Memorial Day is an important holiday in the world of thrift stores and art rescues. 50% off throughout the store. And shoppers come out early, lining up before the closed doors, peeking. This is ritualized bargain hunting. 50% off on a $2 dollar pair of jeans. Can the savings really be the motivator? No, the buzz comes from the crowd, the lure of finding a Tommy Hilfiger unworn, the joy of filling a shopping cart with treasures for the cost of gas to drive to the store.
I had driven 100 miles to my favorite Salvation Army Store in Ann Arbor. One of the secrets of Rescued Art is to shop thrifts or garage sales in upscale economic cities. Sophisticated people discard beautiful art at the back door of these shops. They have beautiful art to give away, and if they are educated in the realm of thrifts, they hope someone will appreciate their discarded art and buy it. There are many other secrets; our readers can find them sprinkled throughout our collection of rescue stories.
The store has the largest gallery of paintings and prints we have ever seen. And they display it well, all along the back wall, hung high and low with good lighting. However, on this Memorial Day, the art wall seemed bland, not energized by the huge crowd of Hilfiger seekers. So, I headed for the doors feeling the long drive was not fated to be a true rescue mission. We pickers and rescuers operate under the unscrutinized philosophical notion that we need to have a pure attitude and a magical intent to make good art appear in these thrifts, a belief that we are missionaries toward saving art from neglect and forgotten and must be pure in order to create that art. This is another secret of rescuing art.
On the way to the doors, I noted that the store volunteers had learned from the merchandizers at Target. They set up small cute vignettes at the end of a shelving unit, each with a theme. The theme featuring the original painting of the little ballerina doll was pink.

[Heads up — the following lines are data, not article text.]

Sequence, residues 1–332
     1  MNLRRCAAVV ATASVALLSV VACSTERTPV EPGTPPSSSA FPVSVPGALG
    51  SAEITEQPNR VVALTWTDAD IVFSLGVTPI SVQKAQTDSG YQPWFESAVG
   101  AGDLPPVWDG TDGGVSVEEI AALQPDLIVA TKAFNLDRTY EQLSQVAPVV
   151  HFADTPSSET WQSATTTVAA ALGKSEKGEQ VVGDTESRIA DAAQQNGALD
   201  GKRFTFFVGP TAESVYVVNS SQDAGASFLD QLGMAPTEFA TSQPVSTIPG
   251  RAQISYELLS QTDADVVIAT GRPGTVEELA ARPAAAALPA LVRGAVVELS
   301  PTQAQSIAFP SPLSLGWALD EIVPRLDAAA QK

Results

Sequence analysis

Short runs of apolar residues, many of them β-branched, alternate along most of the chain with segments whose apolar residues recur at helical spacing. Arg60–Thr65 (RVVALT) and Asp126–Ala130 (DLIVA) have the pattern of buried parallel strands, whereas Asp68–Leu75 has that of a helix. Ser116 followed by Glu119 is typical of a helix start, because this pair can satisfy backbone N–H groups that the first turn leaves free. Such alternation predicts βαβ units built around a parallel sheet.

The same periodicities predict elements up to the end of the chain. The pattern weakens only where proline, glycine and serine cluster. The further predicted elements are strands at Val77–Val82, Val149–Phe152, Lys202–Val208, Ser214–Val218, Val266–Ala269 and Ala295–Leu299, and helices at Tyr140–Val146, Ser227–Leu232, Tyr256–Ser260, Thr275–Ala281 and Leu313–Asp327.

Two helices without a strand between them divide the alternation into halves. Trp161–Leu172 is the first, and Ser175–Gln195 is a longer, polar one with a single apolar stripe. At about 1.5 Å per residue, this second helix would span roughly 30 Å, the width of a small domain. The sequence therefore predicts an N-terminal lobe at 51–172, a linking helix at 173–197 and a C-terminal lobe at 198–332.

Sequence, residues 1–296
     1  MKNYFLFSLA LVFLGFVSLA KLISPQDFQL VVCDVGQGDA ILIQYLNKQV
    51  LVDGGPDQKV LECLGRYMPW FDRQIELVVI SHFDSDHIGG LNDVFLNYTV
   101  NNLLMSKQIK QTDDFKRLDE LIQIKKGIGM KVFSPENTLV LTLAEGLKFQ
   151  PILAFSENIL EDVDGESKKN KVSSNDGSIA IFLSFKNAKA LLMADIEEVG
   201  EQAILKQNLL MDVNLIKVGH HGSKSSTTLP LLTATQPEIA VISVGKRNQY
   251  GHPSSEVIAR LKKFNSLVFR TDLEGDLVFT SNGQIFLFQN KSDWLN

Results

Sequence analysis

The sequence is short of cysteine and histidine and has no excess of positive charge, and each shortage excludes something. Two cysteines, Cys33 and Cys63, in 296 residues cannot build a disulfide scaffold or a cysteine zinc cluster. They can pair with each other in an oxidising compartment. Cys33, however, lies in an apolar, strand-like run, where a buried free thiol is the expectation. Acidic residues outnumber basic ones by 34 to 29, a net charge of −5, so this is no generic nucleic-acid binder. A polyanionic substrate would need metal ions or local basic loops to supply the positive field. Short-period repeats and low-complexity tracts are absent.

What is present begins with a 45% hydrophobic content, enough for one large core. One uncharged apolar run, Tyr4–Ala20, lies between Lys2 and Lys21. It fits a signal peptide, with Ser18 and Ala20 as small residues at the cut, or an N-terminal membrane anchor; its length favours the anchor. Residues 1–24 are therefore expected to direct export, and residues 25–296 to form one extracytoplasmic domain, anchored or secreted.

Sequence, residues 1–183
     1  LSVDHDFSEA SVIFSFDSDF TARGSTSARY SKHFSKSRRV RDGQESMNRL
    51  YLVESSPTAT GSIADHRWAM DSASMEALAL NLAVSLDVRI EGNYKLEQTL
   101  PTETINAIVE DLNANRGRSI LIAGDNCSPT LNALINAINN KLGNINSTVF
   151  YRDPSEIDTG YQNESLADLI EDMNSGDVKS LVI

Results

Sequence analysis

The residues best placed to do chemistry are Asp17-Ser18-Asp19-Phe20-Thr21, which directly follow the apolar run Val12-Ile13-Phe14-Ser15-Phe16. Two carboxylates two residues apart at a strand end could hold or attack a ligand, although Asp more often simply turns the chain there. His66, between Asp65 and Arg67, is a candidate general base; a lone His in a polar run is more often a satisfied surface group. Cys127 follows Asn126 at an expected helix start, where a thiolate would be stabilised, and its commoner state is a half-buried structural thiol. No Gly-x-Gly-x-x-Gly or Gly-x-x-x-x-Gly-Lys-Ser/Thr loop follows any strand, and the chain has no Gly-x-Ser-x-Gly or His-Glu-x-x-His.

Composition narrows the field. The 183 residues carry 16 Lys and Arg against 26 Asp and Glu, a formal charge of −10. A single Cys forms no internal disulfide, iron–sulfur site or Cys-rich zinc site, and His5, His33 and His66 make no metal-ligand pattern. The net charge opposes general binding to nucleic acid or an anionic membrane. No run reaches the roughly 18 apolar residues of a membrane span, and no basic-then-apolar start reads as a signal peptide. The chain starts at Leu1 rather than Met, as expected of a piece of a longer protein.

This painting by D. Hawkins was immediately attractive. As I held it in my arms on the way to the checkout counter – at least 200 people long on this thrift holiday – three people stopped and actually touched the painting before saying: “cute” “how cute” and “I wish I had seen that before you.”
Waiting in line for 200 hundred people to inch along to the front of the thrift gave me a long while to look at this pink ballerina and muse about D. Hawkins. He was definitely a man who was a talented painter and who had no children. If Hawkins had been a woman, she would certainly have made the pink ballerina more like a real child, one with fingers and toes and . . . a nose.
Hawkins had no children, because this pink ballerina could not possibly have been painted with a child model posing before him. This ballerina is painted from memory, but not even the memory of a person. Rather, Hawkins had an image in his mind of a soft toy from his own childhood. He had not played with it much; the pink ballerina of his painting is clean and fresh and hopefull and potent with naivete. Hawkins painted as a way to bring this soft hopeful toy back to life in front of him. His talent as a painter allowed him to do so. The pink ballerina is beautiful and dancing so happy that her toeless foot and fingerless hand are popping out beyond the border of the canvas.
But why did Hawkins bring this sweet successful painting to the thrift store? He only painted it back in 2004, keeping it only six years on his studio wall. My sense is that Hawkins met Mrs. Hawkins in 2008 and in 2009 they had a child, a girl who wore brown instead of pink, who crawled to him with a prominent nose and ten real digits. He didn’t need a ballerina doll to come to life any longer.